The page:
This is an interesting and useful article. The topic is timely and important. The approach and methodology are interesting. And in it you will find a certain number of points which I regard as timely, important and very much worth saying again and again. In a couple of instances I find their conclusions and interpretations a bit puzzling, but let me keep them to myself for now and avoid getting between you and the authors. It’s time to step aside and let them speak for themselves.
A Need for Speed: Why Building More Roads Won’t Conquer Gridlock
– – Gilles Duranton, Victor Couture and Matthew A. Turner
Published: April 24, 2013 in Knowledge@Wharton
Abstract: We investigate the determinants of driving speed in large us cities. We first estimate city level supply functions for travel in an econometric framework where both the supply and demand for travel are explicit. These estimations allow us to calculate a city level index of driving speed and to rank cities by driving speed. Our investigationof the determinants of speed provide the foundations for a welfare analysis. This analysis suggests that large gains in speed may be possible if slow cities can emulate fast cities and that the deadweight losses from congestion are sizeable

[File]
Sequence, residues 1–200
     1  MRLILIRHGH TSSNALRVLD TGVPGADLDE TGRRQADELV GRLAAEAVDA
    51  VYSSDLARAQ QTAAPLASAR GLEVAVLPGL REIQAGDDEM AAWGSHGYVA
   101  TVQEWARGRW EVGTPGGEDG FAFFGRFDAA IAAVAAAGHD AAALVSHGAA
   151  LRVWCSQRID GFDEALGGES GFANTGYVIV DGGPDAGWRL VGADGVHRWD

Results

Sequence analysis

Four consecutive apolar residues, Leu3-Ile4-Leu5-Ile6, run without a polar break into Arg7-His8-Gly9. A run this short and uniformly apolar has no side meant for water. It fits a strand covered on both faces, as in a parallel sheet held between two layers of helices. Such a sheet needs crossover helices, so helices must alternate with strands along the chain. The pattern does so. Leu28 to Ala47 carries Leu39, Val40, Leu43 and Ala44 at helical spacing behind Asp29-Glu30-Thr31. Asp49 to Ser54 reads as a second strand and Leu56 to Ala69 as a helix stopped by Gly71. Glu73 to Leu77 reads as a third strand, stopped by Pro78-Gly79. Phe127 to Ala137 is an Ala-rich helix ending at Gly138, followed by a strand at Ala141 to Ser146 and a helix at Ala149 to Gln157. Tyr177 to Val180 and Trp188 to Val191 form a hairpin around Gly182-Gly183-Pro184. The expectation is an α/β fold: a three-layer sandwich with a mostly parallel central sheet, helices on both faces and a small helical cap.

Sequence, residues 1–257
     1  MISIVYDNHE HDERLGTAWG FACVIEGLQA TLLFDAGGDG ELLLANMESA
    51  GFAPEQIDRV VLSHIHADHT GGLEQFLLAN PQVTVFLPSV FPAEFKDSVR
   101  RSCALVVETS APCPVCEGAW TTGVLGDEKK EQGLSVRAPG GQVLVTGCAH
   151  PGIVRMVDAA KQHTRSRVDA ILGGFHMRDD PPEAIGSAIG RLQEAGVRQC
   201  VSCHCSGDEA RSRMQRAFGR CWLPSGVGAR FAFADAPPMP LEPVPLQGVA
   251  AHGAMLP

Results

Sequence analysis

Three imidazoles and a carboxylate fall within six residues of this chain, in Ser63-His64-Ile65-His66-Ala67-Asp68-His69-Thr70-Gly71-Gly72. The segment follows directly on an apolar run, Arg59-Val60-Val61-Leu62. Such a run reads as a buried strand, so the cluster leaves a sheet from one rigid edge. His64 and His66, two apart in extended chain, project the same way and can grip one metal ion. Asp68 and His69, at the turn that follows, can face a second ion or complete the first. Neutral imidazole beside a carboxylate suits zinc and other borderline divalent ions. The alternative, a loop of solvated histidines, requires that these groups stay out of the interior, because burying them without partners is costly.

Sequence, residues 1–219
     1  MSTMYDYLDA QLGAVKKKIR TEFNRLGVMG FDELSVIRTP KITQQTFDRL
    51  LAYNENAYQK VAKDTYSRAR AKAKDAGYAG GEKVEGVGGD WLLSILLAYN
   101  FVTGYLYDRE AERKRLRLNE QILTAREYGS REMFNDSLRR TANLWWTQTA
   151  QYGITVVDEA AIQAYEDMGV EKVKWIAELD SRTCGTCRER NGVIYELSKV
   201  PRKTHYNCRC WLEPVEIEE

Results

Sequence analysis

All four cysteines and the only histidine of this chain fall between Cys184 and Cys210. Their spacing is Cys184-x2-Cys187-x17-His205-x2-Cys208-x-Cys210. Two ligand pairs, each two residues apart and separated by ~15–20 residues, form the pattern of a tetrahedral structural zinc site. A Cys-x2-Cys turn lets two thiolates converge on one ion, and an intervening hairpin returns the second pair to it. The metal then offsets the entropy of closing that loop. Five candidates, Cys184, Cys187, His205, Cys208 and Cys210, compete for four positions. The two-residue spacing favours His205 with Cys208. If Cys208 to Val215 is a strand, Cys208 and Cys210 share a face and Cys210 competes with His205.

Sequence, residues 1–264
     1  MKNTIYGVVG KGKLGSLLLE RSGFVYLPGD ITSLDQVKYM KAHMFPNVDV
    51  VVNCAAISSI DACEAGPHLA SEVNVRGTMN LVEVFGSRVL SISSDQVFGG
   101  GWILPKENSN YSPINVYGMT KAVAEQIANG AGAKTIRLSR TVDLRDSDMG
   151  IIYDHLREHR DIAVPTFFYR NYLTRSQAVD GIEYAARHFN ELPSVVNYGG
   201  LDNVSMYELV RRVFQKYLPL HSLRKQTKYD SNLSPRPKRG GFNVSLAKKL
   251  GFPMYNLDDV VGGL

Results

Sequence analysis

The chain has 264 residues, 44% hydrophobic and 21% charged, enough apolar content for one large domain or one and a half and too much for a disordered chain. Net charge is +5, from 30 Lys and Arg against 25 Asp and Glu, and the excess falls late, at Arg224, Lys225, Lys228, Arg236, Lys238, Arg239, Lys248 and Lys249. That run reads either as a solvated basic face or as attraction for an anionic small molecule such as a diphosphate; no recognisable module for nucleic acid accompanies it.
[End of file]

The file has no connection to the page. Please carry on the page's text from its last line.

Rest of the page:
Traffic delays prompt most drivers to think about how they can circumvent the gridlock and travel more efficiently. In a working paper — titled “Speed” — Wharton real estate professor Gilles Duranton and his co-authors take these calculations to the next level. They challenge the common solution used to combat most traffic problems — increasing “supply” or the number of possible options available to get from “point A” to “point B” — and suggest that the potential for real gains instead lies in managing travel demand, an alternative that drivers often resist and politicians are wary of legislating.
“We are trying to understand how cities produce travel,” says Duranton, who authored the paper along with University of Toronto professors Victor Couture and Matthew A. Turner. “A first difficulty is that when cities are good at producing travel, people will travel more. That leads to extra congestion.”
Traffic congestion imposes immediate and tangible costs in the form of hair-pulling frustration on the part of drivers, but it also results in substantial economic consequences. The researchers estimate that 71 million hours per year are lost due to congestion in an average metropolitan statistical area. That translates to about 34 hours per person per year. Valuing time lost at $11.50 per hour, the tab comes to $391 annually for the average person. In total, for the 100 U.S. metropolitan statistical areas studied, the loss for privately owned cars exceeds seven billion hours per year or $82 billion total, according to the researchers.
When the numbers were crunched, two widely held beliefs fell by the wayside, the researchers say: Neither additional traffic lanes nor more widely available mass transit alleviated traffic congestion. If municipalities build more capacity, additional drivers take to the roads until congestion returns to previous levels.